AMARILLO, TX (KFDA) - The State Board of Education has voted to revise curriculum standards that would no longer require students to challenge scientific theories about evolution.
The curriculum previously required students to "evaluate" scientific explanations for the origins of DNA and complexity of certain cells, which some critics argue opens the door to teaching creationism. Vice Chairman of the Texas Board of Education Marty Rowley said their amendments focus on maintaining a teachers right to teach and students ability to critically scrutinize all scientific theories.
"Over the last ten to twenty years, there's been a lot of scientific development that allow an opportunity to scrutinize and look at evolution from different perspectives," said Rowley. He continued saying, "We want our students to compete globally with other students across the world and the nation certainly, and we think that if we allow them to critically examine these various scientific theories then that will make better students and will create better curriculum for our teachers."
Rowley said they appointed writing committees to streamline the science essential knowledge skills and had heard from the field that they might have had too many standards.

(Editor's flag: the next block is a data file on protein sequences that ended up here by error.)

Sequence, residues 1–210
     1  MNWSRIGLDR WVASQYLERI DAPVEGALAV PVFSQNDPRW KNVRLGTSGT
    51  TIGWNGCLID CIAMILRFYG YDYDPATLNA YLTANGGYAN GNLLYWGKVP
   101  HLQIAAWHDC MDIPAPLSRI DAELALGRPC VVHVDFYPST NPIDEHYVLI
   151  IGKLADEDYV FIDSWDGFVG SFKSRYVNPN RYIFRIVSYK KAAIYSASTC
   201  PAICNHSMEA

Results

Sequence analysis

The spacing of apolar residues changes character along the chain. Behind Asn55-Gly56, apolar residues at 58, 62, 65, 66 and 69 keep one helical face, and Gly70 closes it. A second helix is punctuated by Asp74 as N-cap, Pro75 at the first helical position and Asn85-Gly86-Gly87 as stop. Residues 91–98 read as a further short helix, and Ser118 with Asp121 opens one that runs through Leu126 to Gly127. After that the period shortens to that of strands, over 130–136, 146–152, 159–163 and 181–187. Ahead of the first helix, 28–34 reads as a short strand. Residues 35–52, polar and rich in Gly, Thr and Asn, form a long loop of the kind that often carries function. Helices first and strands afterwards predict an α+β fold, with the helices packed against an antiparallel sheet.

"We were expecting students and teachers to cover too many student expectations in the instructional days they had for biology and our other science courses," said Rowley.
He also said they feel their decision honors the wishes of our teachers and at the same time represents the values of Texas citizens.
"What we did is we maintained language in those standards that allows teachers to first analyze, evaluate and critique all scientific explanations. The language we adopted as a board allows teachers to examine the scientific explanations for the origin of life than of DNA."
The Board of Education unanimously approved the amendments today.